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Ray Dalio is widely considered one of the greatest living investors. He is the founder of Bridgewater Associates, as well as a master educator through How the Economic Machine Works and his latest book Principles For Navigating Big Debt Crises. What follows are my notes of Dalio’s Chapter 2: Money, Credit, and Debt, the second installment in his series “The Changing World Order” (originally published 4/23/2020).

the timeless and universal fundamentals of money and credit

  • All entities (countries, people) have revenue & expenses.
  • Profit = revenue > expenses ➡ increased savings
  • Loss = expenses > revenue ➡ decrease savings OR take on debt OR take $$$ from someone else.
  • Balance Sheet: Assets, liabilities
  • Loans: One person’s assets are another’s liabilities.
  • When a loan goes unpaid, someone else has to cut spending ➡ economic contraction begins
  • Money and credit work for everyone in the same way … except countries, who can printing money (though not all that money is created equal)
  • Reserve currency = widely, globally accepted medium of exchange or store of value
    • USD = 55% of all international transactions
    • EUR = 25%
    • JPY = 10%
    • RMB = 2%
  • Countries with reserve currencies can borrow a lot more.
  • Countries without a reserve currency often have to borrow in other reserve currencies, which limits how much they can borrow. Bankruptcy happens if they can’t get enough of those reserve currencies to service debts.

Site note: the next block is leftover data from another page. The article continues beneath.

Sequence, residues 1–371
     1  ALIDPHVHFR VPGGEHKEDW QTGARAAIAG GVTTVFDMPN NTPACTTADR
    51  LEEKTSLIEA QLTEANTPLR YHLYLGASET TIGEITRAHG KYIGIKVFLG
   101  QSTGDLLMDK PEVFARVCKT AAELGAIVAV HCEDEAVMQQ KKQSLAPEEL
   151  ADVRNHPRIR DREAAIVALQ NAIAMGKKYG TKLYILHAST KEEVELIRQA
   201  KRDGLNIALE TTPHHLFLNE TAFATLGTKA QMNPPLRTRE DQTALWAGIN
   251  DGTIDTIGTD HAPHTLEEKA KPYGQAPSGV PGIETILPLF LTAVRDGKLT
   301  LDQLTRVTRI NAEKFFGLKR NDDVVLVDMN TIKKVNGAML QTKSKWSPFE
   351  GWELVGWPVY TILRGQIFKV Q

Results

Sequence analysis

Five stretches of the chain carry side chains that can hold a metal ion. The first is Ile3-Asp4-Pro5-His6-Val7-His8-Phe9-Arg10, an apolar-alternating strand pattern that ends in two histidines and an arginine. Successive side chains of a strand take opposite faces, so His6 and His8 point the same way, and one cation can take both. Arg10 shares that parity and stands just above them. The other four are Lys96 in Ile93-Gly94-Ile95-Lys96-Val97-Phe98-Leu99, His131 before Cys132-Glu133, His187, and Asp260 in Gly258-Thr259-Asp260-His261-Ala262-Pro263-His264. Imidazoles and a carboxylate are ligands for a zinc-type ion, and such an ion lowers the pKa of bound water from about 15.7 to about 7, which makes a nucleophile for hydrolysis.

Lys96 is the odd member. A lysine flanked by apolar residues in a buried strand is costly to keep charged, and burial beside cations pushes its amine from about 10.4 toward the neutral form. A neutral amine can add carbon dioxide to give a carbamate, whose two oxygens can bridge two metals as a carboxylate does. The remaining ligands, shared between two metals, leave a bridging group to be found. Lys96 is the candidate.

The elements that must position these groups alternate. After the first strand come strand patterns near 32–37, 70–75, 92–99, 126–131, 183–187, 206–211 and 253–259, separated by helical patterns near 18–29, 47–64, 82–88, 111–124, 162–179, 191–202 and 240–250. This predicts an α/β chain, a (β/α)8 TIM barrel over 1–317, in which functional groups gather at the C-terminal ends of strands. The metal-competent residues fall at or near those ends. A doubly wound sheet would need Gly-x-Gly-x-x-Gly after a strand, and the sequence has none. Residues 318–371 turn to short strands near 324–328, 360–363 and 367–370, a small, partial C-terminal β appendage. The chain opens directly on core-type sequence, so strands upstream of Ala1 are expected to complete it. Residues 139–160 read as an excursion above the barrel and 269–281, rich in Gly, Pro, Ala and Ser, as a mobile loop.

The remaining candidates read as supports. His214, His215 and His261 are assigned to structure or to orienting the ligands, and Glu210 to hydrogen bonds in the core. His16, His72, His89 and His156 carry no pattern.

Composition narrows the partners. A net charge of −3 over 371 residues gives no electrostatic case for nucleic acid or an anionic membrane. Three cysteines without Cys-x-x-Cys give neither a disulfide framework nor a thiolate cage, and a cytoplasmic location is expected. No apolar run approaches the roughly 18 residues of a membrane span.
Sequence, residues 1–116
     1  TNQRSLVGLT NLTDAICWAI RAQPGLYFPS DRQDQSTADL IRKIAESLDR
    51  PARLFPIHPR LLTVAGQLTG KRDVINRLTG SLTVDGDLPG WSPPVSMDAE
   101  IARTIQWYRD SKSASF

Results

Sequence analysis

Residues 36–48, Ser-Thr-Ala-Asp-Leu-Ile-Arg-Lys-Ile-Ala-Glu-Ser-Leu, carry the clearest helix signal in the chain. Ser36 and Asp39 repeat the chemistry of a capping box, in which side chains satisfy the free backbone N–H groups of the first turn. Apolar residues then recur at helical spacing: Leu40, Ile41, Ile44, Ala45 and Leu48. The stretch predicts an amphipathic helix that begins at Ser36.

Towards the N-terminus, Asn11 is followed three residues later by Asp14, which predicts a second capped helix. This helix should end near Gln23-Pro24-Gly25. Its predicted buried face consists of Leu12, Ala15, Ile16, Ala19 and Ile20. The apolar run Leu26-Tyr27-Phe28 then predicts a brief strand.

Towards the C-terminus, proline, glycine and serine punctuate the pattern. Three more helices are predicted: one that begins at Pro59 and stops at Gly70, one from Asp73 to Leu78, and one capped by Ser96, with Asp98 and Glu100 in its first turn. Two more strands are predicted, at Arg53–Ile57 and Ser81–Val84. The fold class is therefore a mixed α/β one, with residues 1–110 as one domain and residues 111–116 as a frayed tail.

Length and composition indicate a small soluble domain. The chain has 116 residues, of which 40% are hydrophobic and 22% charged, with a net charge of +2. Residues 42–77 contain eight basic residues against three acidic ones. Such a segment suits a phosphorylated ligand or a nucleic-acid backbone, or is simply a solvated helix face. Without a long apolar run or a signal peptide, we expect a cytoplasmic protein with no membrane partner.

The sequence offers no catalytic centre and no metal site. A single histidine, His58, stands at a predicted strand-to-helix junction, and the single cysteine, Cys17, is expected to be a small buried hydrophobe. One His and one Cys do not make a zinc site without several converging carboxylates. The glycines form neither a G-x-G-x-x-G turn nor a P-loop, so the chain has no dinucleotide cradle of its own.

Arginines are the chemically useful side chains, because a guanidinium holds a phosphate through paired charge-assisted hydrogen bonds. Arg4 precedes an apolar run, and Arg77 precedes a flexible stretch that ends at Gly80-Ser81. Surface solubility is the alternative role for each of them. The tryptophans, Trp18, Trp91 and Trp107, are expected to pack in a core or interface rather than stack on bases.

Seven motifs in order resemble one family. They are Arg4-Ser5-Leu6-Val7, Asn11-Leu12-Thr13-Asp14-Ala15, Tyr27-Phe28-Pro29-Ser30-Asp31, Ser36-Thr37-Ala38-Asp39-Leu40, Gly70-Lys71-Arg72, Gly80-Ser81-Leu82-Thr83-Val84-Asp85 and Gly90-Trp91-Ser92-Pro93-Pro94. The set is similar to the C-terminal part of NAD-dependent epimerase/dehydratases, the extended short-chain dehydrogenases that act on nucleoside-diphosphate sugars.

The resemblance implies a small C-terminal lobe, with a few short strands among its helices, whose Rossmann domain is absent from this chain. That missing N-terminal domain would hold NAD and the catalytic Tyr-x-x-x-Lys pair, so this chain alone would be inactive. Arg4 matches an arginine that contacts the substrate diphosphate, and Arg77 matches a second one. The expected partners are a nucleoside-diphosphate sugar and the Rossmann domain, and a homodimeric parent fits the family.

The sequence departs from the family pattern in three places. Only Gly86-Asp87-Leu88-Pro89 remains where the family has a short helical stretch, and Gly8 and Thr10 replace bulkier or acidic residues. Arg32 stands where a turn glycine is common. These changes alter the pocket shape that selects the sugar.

what is money?

Money is a medium of exchange that can also be used as a storehold of wealth.

  • Most money (especially fiat) has no intrinsic value.
  • It’s just records in an accounting system database that can be changed.
  • The purpose of the money system is to allocate resources efficiently ➡ greater productivity ➡ benefiting borrowers and lenders
  • The system eventually breaks down.
  • All currencies eventually die or are devalued.

the fundamentals

  • Money and credit are not the same as wealth.
  • Wealth comes from productivity.
  • More money and credit does not create wealth (unless it increases productivity)
  • When people have more money/credit they feel richer (wealth effect)
  • That increase in wealth is an illusion somewhat
    1. Increased credit pushes prices up … needs to be paid back
    2. Intrinsic value doesn’t go up just because prices go up
  • Example: The price of your house goes up, but it’s still a house. You can only swap it for a similar house (purchasing power remains constant).
  • Money/credit stimulates when given out, depresses when paid back.
  • Central banks (CBs) use money/credit to control markets and the economy (though they have limited capacity)
  • CBs giveth and taketh away stimulants ➡ short-term and long-term debt cycles.
    • Short-term cycle = ~8 years (aka “the business cycle”)
    • Long-term cycle = 50 – 75 years
  • Current long-term cycle began in 1944/45 under Bretton Woods agreement (enacted after WWII). This began the US dollar-denominated global monetary system.
  • Long-term debt cycles start when debts are low and end when debts are high and CBs run out of stimulants ➡ debt restructuring ➡ new long-term cycle.
  • CB stimulants “run out” when they fail to produce real economic growth. This happens when:
    1. High debt levels & interest rates can’t go lower
    2. Printing money pumps financial assets (like stocks) more than it does real economic activity.
  • At this point, debt owners want to sell the debt for other stores of wealth (like gold).
  • When debt levels are high, lenders are less likely to get great returns